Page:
Vetting, he said, was the problem in today’s church. Candidates for the seminary are not vetted as they were in the ’40’s, ’50’s and early ’60’s. Nuns, he said, knew everything about every kid and ‘deviants’ were not allowed to study for the priesthood. That, of course, led to his position on abortion, homosexuality, the role of women, gluttony, the fall of civilizations, legal questions and his truth that life was simply a time of hardship and tears.

In high school, I knew and liked this man. During our time on the phone I reminded myself how often I had lamented the loss of civil discourse during disagreement. I reminded myself that most anger is a defense designed to shut down any fair and open discussion. Peter was sincere and I had no illusion that his mind was open to change.

Still, I tried. When I pointed out that abuse by the clergy goes well into those years when vetting plucked the weeds, Peter dismissed that as a minor problem and too long ago to actually be relevant.

I defended my position that civil authorities are denied access to records of abuse and that legal procedures should be enacted against priest’s who abused children. Peter, with disdain, dismissed lawsuits as a way to open justice.

Peter cares and defends his church. He brought his arguments without anger even though he found my thoughts difficult to comprehend. Peter phoned fifty-five years after high school graduation to express his belief that healing happens inside his version of being Catholic.

With all due respect, I don’t live there anymore.

Her Journal

About a year before Bob died, an acquaintance experienced the death of her husband. Because we shared an ongoing activity we also shared many conversations about her grief. She told me that she started a journal in which she wrote about every aspect of passage.

For this blog, her name is Karita. She is in her seventies, has grown children, attends church, is a constant volunteer and reaches out with open friendship. Her husband, Ray, with no advance warning symptoms, died at home.

When Bob died, Karita opened her journal. The writing is harsh, angry, filled with pain. Her attempts to excuse what she perceived as abandonment by friends does fail her even as she tries to understand with compassion. There are even pages of self blame as she wrote about her failure to adequately express her needs.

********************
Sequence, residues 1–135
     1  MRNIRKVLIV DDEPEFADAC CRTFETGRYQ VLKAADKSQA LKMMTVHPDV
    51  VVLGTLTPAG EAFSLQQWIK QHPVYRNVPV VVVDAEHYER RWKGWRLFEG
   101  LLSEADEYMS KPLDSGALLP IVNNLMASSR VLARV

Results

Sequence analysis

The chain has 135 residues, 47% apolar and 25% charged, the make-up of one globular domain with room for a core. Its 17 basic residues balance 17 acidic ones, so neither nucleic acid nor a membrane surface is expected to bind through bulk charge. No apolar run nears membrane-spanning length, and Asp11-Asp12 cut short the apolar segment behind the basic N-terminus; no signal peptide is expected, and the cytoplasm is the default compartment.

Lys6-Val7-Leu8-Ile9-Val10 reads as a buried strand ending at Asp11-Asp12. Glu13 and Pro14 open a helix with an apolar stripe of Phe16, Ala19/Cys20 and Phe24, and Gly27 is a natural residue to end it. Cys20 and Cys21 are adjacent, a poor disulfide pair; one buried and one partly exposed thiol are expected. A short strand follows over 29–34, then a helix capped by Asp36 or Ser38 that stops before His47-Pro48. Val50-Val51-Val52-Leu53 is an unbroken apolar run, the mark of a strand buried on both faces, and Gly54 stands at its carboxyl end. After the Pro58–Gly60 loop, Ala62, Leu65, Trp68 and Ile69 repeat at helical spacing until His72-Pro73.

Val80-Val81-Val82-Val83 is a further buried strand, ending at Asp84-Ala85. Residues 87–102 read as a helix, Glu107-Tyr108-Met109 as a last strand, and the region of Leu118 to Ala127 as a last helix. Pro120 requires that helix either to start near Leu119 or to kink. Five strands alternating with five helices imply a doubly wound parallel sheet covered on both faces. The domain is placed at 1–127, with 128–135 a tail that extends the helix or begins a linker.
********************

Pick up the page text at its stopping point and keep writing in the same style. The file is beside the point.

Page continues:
As expected the early journal entries poured grief and loneliness onto the page. Fear and uncertainty overshadowed everything but most days ended with comfort, a list of names offering “Whatever you need, just ask. You are in our prayers.”

“But I don’t know what to ask…I am too lost to figure out what I need…help me…do something…do anything but do something…don’t pray for me…help me…give me your friendship, your time…damn the words you give me about time and tears and triumph…I gag at your audacity telling me that I will find a new normal while you do nothing to take me there…don’t speak to me about anything except about what actions you are doing to show me that my pain is important to you…cram the cheerful stuff…I need help.”

Karita never told her friends how she felt. She told her journal holding little back as she learned to understand that friends spoke the words, did not rally but moved back…moved away from her emotional needs.

Karita took my hand, blinked back her tears and spoke with a softness that only pain can produce.
“You are alone”, she said. “Your old friends won’t speak it, but they have no room for you now. You have become casual to them. You have family and maybe some neighbors, but your old friends are old now…gone except to use platitudes and then pretend like you don’t exist. Don’t believe? Count. Count what you have experienced as you hoped for their help.”

Karita invited me to a grief support group. I went once. Last Tuesday. Tonight should have been the second time, but I am here. Not there. Not in a room full of strangers gathered to talk about an unavoidable human commonality…death. I cannot build on death.

When Anybody Is Working….

When anybody works, everybody works: Mostly unspoken but never ignored rule from a 1940’s/1950’s family life. Probably Mom’s rule as Dad was great with a dedicated elbow on the fireplace, bourbon and ice in hand, and focused on a radio news report. Those ingrained rules of life shadow well into retirement insuring that down-time nags like a pounce of righteous lurking nearby.